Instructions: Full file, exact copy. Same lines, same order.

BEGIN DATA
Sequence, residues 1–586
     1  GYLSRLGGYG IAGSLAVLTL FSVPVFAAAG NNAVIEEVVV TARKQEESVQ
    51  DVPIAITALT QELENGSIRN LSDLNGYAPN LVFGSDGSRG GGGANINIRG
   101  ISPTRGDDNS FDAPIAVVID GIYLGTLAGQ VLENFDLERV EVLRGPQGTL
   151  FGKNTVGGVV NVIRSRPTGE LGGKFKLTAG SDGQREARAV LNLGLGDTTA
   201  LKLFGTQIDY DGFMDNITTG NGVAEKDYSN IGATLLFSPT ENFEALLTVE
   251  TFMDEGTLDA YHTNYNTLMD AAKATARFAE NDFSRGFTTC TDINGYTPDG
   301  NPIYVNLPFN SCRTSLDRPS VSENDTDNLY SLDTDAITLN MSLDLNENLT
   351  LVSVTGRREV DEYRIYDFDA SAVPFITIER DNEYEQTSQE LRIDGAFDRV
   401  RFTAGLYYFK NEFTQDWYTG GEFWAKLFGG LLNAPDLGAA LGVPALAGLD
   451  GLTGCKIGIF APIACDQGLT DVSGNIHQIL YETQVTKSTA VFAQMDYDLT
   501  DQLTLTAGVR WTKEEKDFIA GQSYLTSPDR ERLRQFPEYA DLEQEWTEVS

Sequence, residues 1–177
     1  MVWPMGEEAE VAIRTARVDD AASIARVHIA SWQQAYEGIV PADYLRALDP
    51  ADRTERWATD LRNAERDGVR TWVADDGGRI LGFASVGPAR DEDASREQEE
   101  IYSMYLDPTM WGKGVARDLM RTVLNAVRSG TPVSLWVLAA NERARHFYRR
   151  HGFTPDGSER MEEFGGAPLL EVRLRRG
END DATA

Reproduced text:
Sequence, residues 1–586
     1  GYLSRLGGYG IAGSLAVLTL FSVPVFAAAG NNAVIEEVVV TARKQEESVQ
    51  DVPIAITALT QELENGSIRN LSDLNGYAPN LVFGSDGSRG GGGANINIRG
   101  ISPTRGDDNS FDAPIAVVID GIYLGTLAGQ VLENFDLERV EVLRGPQGTL
   151  FGKNTVGGVV NVIRSRPTGE LGGKFKLTAG SDGQREARAV LNLGLGDTTA
   201  LKLFGTQIDY DGFMDNITTG NGVAEKDYSN IGATLLFSPT ENFEALLTVE
   251  TFMDEGTLDA YHTNYNTLMD AAKATARFAE NDFSRGFTTC TDINGYTPDG
   301  NPIYVNLPFN SCRTSLDRPS VSENDTDNLY SLDTDAITLN MSLDLNENLT
   351  LVSVTGRREV DEYRIYDFDA SAVPFITIER DNEYEQTSQE LRIDGAFDRV
   401  RFTAGLYYFK NEFTQDWYTG GEFWAKLFGG LLNAPDLGAA LGVPALAGLD
   451  GLTGCKIGIF APIACDQGLT DVSGNIHQIL YETQVTKSTA VFAQMDYDLT
   501  DQLTLTAGVR WTKEEKDFIA GQSYLTSPDR ERLRQFPEYA DLEQEWTEVS

Sequence, residues 1–177
     1  MVWPMGEEAE VAIRTARVDD AASIARVHIA SWQQAYEGIV PADYLRALDP
    51  ADRTERWATD LRNAERDGVR TWVADDGGRI LGFASVGPAR DEDASREQEE
   101  IYSMYLDPTM WGKGVARDLM RTVLNAVRSG TPVSLWVLAA NERARHFYRR
   151  HGFTPDGSER MEEFGGAPLL EVRLRRG